None of that matters, though. The Hudson Institute isn’t claiming to have done any original scientific research. They are simply pointing to research that has already been done by other scientists which dispute some aspects of global warming, and thus undermine claims to “consensus.”

So, where do we go from here?

Danish scientist Bjorn Lomborg has a new book out called Cool It: The Skeptical Environmentalist’s Guide to Global Warming He has recently been interviewed by both the New York Times and the Wall Street Journal. Lomborg believes that global warming is indeed caused by human activity. But he argues that the dangers have been over-hyped, and that “Anti-warming policies (like those of the Kyoto Protocol) that require energy taxes or other checks on economic dynamism are inefficient and even harmful.” For example:

Mr. Lomborg cites studies showing that by implementing Kyoto--at a cost of trillions of dollars--we might be able to achieve a 3% reduction in fluvial and coastal flooding damages. If we instead adopted smart flood policies--e.g., an end to public subsidies that encourage people to settle in flood plains, a shrewder use of levees--we could achieve a 91% reduction in damages at a fraction of the Kyoto cost.

So, if global warming demands a response, it must be a clear-headed one – both scientifically (using all the information at our disposal, and not creating an artificial “consensus”) and socially (making rational decisions based on costs and benefits). As the Journal article notes, “[r]ather than governments imposing costly energy taxes to little benefit, Mr. Lomborg argues, they should fund research programs aimed at finding breakthrough technologies.”

* Tip of the hat to Douglas Adams


The title of this YouTube video may be a little demeaning toward the French in general, but when I watched this, I couldn't believe it. It really shows a disturbing lack of regard for science and science education in the world. Are we destined for another Dark Ages?

I like science, but I'm not a fan of "The Simpsons." But this story shares how a researcher has found scientific principles being shared and explained in episodes of the popular cartoon show.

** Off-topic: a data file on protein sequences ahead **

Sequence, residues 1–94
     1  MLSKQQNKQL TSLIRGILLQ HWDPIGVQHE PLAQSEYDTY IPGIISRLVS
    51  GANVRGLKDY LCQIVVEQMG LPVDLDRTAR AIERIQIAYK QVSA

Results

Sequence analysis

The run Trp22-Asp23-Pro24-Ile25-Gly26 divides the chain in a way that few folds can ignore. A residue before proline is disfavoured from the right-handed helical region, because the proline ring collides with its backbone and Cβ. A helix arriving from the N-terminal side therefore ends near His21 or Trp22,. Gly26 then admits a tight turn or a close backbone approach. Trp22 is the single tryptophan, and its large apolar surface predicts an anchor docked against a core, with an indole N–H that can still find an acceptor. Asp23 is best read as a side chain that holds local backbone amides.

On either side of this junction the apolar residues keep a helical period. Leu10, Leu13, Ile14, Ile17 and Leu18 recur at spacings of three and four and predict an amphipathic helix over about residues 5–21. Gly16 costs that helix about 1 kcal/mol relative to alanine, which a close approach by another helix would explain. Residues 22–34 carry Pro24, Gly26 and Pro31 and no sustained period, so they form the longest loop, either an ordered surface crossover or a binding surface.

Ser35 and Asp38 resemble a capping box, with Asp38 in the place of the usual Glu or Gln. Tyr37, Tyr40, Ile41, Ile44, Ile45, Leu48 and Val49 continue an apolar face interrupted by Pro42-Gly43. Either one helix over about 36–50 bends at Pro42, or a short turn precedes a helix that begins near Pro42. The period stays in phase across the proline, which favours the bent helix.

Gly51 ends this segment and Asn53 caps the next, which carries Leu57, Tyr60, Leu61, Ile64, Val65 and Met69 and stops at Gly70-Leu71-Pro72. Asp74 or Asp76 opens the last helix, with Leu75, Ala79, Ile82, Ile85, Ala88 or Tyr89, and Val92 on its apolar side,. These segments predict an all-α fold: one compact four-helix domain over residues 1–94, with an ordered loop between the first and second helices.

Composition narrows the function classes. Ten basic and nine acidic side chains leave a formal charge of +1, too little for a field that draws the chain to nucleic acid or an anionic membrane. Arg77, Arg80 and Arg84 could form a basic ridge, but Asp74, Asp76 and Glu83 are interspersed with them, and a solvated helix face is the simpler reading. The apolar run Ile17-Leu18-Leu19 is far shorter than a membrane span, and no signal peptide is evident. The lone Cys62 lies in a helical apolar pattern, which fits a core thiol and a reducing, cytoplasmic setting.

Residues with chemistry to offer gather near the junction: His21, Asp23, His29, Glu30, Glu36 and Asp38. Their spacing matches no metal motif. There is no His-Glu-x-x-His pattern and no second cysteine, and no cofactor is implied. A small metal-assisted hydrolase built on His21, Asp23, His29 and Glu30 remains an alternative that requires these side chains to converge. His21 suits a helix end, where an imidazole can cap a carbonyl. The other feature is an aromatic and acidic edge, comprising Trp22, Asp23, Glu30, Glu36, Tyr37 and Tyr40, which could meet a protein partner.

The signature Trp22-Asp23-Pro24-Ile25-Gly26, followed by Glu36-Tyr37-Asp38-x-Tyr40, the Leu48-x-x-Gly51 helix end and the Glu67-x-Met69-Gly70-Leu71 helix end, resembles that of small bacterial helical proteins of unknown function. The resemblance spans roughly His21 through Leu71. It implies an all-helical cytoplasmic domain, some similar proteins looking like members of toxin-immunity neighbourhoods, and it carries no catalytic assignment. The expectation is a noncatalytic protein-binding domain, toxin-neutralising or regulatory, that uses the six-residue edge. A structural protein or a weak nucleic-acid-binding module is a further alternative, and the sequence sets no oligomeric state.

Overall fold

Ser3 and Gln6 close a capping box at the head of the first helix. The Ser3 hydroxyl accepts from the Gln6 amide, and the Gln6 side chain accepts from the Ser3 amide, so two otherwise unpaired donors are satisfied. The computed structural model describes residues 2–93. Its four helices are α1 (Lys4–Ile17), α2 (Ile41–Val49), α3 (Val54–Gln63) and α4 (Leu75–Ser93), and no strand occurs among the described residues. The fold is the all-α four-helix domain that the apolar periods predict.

Believe it or not, US regulators are very concerned that everybody get a chance to participate in science research. Often, when applying for a grant, scientists have to give information about what populations will be included.

The government should then like the recent explosion of Web-based experiments. Experiments on the Internet are available to anyone with an Internet connection, which is already the considerable majority of Americans of a wide range of ethnicities.

I recently started a new web-based research lab, the Cognition and Language Laboratory. The experiments typically run about 5 minutes. Right now there are experiments on mother-child speech, language processing, visual cognition and birth order effects on personality. I really appreciate your participation.


Former Astronaut Sally Ride: Photo courtesy NASA (Columbia Accident Investigation Board photo by Rick Stiles 2003).
Former Astronaut Sally Ride: Photo courtesy NASA (Columbia Accident Investigation Board photo by Rick Stiles 2003).
I listened to astronaut Sally Ride on the radio this morning talking about the importance of science, and science in education, particularly for girls. You can find information about it on her website Sally Ride Science.

The site has links to science festivals, books, science camps and toys for young people, along with information for educators. It also includes a blog with teacher Barbara Morgan, the 1st Educator Astronaut, who launched into space on the space shuttle Endeavour just two days ago on August 8.


Sally Ride Biography
Barbara Morgan info
Space Shuttle Endeavour

Science Hack is a search engine that lets you look for pre-screened educational science videos.

Threadless T's joined up with Seed Magazine to sponsor a "Science and Culture" T-shirt design contest. The bummer is that the contest ends today. But the good news is you can check out all the designs folks submitted, rate them, and maybe buy a few.